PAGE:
The distinction between protecting the people of Libya and forced regime change was always an artificial one or, in terms of politics, a tightrope walk. But as the war in Libya rages on it becomes increasingly clear that real protection for the Libyan people can only be achieved by the quick removal of Qaddafi and his riffraff. ICC chief prosecutor Moreno-Ocampo announced today that there is now evidence available suggesting that Qaddafi himself ordered the mass-raping of women and to that end distributed Viagra among his soldiers. Tough it has been argued by many [tough here it is being argued in German] that the allies only have a mandate to protect the people not to force the regime out of office, it seems to me that this distinction misses crucial points:
1. Not only is it difficult to establish a clear distinction between the rebels and the population. Moreover, even the attempt to do so misses the nature of the war in Libya. Though armed, the rebels are clearly not a traditional army. The Libyan rebels are, more than any other contemporary movement, an upheaval of all classes, indeed a people's liberation army. Protecting them inevitably means shielding them against Qaddafi's forces. That's awfully close to intervening on their side. No, wait a second, it does in fact mean that the international community needs to intervene on their side and that is precisely what it does. And for good reason, nothing would protect the people more than the ouster of Qaddafi.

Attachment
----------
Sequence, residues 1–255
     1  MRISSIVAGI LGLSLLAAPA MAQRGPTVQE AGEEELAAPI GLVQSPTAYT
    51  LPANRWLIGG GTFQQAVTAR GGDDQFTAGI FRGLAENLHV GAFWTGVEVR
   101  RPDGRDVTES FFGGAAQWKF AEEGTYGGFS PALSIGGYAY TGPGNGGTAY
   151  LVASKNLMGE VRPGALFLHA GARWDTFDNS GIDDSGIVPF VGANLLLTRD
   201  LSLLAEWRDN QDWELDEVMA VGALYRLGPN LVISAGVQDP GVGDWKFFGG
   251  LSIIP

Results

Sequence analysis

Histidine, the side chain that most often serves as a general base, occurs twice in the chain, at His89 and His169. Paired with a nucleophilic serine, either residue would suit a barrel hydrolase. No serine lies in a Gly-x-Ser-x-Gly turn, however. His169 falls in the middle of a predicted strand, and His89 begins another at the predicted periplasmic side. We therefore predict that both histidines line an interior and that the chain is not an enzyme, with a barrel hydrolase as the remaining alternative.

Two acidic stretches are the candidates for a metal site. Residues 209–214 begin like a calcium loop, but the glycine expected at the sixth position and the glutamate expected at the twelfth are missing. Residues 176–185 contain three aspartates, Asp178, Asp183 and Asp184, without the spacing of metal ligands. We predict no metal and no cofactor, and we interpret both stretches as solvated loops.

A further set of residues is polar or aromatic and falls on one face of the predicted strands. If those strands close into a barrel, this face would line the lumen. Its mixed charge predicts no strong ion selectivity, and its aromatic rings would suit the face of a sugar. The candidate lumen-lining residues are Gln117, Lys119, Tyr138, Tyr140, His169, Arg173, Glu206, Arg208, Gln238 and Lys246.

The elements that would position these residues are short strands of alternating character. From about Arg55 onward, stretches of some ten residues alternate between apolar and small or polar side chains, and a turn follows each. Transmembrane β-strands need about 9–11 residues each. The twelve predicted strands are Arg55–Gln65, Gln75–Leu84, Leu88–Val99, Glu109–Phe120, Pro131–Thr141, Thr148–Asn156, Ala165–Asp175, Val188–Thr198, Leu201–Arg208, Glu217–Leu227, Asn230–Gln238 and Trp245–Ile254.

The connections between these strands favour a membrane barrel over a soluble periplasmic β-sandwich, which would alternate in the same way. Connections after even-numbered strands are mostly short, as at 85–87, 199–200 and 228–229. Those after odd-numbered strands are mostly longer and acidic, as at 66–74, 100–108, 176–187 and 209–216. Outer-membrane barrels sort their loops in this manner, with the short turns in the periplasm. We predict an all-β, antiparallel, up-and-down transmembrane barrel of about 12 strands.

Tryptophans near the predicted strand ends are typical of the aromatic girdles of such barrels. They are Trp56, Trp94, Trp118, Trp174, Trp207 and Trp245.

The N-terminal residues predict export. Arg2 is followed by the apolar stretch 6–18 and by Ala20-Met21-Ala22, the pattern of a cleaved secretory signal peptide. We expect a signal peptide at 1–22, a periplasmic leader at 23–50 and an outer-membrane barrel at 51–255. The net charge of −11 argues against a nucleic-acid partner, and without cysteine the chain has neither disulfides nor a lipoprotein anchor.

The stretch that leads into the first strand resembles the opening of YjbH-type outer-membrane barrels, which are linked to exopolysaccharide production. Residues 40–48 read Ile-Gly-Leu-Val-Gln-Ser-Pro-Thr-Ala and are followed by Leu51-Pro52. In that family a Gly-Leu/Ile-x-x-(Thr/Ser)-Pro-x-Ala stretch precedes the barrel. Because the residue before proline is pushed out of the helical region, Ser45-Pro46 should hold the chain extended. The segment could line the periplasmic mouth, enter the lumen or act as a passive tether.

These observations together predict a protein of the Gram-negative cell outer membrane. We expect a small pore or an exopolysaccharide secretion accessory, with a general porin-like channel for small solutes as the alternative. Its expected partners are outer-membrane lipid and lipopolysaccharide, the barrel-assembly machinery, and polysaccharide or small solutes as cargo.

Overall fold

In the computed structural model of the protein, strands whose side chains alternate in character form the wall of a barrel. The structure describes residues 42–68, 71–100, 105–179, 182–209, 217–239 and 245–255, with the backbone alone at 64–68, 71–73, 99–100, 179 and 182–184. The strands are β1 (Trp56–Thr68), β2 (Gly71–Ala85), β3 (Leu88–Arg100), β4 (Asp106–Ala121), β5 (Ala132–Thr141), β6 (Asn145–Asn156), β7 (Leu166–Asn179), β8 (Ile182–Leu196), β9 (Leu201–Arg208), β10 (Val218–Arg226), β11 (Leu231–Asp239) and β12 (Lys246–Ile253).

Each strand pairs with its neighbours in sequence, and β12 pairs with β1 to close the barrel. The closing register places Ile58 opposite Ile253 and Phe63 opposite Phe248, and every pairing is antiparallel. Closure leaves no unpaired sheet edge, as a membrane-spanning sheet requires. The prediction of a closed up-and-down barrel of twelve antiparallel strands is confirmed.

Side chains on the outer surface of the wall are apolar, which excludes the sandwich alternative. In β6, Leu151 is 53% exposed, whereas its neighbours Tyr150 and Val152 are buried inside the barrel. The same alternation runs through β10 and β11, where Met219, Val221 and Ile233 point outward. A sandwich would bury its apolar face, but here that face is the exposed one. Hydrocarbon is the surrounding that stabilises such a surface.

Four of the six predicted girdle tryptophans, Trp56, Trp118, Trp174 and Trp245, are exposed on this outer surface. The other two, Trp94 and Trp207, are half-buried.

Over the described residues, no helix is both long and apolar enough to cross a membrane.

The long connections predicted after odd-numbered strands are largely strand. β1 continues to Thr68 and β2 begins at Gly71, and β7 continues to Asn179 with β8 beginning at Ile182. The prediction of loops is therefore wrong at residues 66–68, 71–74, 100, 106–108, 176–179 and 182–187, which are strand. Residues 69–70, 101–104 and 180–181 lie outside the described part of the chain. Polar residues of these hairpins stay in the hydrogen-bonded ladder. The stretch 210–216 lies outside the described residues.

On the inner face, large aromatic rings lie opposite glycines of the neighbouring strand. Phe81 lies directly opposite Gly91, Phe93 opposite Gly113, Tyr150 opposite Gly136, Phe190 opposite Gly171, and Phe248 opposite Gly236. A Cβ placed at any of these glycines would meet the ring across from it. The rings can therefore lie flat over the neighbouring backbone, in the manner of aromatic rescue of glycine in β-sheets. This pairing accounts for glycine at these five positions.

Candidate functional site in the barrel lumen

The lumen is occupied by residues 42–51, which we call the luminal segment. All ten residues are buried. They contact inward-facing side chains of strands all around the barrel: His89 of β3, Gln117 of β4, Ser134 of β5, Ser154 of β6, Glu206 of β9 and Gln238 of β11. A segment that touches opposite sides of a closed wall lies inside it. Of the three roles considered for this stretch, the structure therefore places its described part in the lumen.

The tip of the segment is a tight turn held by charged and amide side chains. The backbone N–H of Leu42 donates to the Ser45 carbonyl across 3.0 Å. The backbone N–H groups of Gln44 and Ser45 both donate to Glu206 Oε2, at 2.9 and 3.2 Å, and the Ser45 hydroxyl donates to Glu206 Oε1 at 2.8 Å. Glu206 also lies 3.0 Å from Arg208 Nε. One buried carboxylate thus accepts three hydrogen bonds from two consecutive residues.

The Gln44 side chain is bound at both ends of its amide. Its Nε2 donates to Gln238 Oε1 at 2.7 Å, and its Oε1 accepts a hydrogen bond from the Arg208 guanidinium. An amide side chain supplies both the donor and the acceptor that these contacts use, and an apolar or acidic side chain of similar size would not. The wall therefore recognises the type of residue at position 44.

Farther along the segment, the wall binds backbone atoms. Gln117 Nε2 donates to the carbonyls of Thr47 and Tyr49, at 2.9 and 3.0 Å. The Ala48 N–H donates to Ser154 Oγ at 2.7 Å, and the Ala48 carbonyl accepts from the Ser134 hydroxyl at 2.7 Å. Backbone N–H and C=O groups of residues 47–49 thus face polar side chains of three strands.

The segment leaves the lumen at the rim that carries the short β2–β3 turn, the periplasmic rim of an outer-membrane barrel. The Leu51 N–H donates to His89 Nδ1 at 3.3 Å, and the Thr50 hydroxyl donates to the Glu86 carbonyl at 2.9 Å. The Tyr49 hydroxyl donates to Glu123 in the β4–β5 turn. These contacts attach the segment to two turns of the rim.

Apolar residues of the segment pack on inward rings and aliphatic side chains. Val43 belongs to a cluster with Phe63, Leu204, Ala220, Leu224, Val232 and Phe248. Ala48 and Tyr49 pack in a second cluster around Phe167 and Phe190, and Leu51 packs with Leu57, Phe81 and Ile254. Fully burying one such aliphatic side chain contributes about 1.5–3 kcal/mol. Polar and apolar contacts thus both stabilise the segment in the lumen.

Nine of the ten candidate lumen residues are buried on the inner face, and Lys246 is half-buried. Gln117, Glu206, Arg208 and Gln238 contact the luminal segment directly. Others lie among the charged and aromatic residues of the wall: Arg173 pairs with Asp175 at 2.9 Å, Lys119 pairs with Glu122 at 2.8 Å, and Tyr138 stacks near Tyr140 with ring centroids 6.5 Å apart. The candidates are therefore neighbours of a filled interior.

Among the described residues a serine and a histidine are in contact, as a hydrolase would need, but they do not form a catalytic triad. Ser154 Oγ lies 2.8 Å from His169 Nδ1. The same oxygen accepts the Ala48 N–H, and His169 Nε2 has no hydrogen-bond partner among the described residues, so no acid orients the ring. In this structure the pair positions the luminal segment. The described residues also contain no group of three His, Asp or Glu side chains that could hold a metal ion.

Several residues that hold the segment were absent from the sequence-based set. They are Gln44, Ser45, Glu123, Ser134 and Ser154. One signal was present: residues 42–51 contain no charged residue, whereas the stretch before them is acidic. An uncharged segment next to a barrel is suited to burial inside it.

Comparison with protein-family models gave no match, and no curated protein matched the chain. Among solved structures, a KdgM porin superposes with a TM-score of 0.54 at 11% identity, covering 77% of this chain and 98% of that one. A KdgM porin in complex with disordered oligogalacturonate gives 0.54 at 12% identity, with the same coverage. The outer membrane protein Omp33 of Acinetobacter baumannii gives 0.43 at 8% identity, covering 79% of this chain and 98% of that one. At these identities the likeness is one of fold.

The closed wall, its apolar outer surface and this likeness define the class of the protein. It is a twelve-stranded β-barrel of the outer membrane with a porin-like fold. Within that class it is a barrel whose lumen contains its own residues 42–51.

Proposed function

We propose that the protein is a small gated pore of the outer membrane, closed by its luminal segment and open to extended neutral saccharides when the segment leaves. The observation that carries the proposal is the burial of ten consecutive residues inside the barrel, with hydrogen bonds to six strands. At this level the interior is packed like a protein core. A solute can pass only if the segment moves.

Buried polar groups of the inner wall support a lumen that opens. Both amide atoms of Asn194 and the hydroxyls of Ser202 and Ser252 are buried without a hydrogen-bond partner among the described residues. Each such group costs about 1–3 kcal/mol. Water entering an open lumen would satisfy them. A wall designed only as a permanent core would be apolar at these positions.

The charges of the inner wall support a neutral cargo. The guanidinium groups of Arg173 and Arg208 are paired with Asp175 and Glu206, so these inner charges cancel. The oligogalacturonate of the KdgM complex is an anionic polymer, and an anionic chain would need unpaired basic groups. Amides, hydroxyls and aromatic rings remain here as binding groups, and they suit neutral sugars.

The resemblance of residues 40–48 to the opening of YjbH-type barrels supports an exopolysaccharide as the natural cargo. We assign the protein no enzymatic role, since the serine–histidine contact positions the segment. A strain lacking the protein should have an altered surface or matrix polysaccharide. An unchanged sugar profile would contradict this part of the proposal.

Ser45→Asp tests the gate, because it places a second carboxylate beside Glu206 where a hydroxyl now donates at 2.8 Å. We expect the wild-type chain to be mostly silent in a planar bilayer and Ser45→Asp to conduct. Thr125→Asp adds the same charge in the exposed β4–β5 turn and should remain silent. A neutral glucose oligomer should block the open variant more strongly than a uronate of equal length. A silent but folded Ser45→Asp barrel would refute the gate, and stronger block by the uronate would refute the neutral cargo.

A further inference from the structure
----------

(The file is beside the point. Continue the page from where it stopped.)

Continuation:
2. When the protection of the Libyan people clearly demands an intervention on their side (which it would logically always do), how can the distinction between the R2P and regime change be maintained without ridiculing the entire endeavor? Exactly, not at all. But that raises a larger question: why should regime change be sui generis a really bad idea? Clearly, it isn't. In Syria and Libya the case seems to be an rather easy one. But what it does mean is that the attempt needs to be a wholehearted one.